The Economics of Hemp

Hemp-based products have become increasingly popular over the past few years as inroads have been made to further legalize subsidiaries of the plant such as the psychoactive THC to the more benign, legal extract CBD. With this increased attention and the potential for the explosion of a brand-new industry able to grab hold of the American attention, hemp-based products have come under fire from Big Pharma due to its potential to disrupt an industry.

While CBD is legal, it exists in a kind of legal grey area and as such it is keen to be taken advantage of by economic fat cats like Big Pharma. Back in June 25, 2018, The Federal Drug Administration approved the usage of CBD, hemp-based oral solution Epidiolex as a treatment for sever forms of childhood-onset epilepsy.

Epidiolex is the first FDA-approved, hemp-based pharmaceutical on the market and Big Pharma largely wants to further monopolize on this growing industry by restricting the use and availability of hemp-based, CBD products to pharmaceutical companies.

Corporate bodies, especially ones that form lobbying groups like Big Pharma, often like to suppress competition at the expense of the general population because it increases profit margins while allowing said body to, effectively, control the market from cultivation down to distribution, which is compounded by the fact that CBD lives in a legal grey area.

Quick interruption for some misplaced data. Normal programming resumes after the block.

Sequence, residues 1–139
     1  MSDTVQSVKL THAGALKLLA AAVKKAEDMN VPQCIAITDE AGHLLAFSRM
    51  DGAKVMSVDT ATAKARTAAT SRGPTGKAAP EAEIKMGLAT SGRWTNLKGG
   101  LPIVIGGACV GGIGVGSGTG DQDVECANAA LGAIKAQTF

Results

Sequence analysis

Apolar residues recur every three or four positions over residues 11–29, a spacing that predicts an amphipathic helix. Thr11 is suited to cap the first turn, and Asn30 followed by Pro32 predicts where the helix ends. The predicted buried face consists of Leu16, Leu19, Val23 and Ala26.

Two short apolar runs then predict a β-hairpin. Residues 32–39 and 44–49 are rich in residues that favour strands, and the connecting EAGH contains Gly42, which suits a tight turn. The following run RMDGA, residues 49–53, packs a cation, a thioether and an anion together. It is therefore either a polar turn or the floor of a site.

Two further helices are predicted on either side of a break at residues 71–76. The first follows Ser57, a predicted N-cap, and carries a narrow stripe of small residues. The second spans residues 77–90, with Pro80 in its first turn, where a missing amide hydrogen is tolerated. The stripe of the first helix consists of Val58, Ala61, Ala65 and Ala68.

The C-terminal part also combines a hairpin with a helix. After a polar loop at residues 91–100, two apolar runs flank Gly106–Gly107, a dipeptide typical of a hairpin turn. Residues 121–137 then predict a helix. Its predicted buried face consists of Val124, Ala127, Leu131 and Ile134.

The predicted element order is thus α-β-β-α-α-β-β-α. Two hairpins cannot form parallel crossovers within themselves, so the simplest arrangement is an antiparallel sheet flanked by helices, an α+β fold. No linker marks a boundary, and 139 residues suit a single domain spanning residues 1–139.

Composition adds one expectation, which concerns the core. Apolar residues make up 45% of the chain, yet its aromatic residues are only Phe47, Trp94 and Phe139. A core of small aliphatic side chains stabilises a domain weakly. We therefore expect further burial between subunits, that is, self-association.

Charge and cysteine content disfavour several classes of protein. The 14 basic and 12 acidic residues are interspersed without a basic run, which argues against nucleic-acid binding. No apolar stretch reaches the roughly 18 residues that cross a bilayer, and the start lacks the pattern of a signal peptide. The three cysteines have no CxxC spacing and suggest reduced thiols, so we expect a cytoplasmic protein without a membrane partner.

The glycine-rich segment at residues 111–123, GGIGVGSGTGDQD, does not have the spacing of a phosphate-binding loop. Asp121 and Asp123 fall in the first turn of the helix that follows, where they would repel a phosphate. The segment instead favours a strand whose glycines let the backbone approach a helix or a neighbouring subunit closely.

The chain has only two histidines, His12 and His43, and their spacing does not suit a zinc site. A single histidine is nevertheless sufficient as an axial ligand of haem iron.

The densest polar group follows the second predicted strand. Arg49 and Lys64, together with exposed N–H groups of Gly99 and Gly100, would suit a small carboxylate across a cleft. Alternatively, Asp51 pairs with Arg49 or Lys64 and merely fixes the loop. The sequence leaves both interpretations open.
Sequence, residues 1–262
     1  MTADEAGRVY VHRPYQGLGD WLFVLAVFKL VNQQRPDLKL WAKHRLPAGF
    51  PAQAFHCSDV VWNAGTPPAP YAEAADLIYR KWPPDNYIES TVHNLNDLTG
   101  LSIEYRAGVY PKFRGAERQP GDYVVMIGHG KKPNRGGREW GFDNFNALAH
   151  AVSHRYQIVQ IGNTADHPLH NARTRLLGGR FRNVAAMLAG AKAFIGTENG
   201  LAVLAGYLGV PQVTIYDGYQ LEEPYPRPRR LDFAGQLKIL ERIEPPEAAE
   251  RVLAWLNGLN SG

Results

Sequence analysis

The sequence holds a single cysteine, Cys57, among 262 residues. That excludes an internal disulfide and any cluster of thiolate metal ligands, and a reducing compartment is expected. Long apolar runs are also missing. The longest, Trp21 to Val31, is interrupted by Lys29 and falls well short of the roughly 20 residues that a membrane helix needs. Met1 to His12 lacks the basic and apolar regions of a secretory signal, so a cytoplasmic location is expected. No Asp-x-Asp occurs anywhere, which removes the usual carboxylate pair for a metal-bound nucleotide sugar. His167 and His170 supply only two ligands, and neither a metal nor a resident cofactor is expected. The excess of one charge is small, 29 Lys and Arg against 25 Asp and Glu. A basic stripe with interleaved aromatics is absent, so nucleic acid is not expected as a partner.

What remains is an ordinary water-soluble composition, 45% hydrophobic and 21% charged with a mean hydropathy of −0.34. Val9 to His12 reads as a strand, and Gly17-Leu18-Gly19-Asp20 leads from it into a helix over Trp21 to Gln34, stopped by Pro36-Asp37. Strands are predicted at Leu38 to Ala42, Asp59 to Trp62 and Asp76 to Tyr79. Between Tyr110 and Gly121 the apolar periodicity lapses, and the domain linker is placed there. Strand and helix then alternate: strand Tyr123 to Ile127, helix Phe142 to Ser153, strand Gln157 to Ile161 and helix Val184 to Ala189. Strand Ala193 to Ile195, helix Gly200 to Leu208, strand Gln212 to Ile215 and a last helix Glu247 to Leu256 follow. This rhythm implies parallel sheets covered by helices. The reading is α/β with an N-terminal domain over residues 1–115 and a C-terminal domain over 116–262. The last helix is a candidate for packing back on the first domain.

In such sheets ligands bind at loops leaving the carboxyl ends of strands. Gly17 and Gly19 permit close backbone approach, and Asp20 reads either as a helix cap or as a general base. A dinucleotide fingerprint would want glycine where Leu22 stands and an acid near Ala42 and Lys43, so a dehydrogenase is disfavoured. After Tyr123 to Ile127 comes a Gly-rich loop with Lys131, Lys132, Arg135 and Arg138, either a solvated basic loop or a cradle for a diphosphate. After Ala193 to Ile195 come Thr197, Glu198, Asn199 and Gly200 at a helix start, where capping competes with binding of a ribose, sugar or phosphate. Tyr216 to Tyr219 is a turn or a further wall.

According to a 2018 Biopharmaceutical Research Industry Profile, member companies of PhRMA (Pharmaceutical Research and Manufacturers of America), a United States lobbying group, invested upwards of $71.4 billion in the development and research of drugs. The highest recorded level of investment in history illustrating the growing power and, by proxy, influence of Big Pharma on the drug market.

So, what are the important economics of hemp that places it within the crosshairs of lobbying groups and monopolizing bodies like Big Pharma? It’s simple: money makes the world go ‘round from the small farmer and business owner to the laws that govern the way hemp can be used, distributed and sold.

What is CBD: A Summary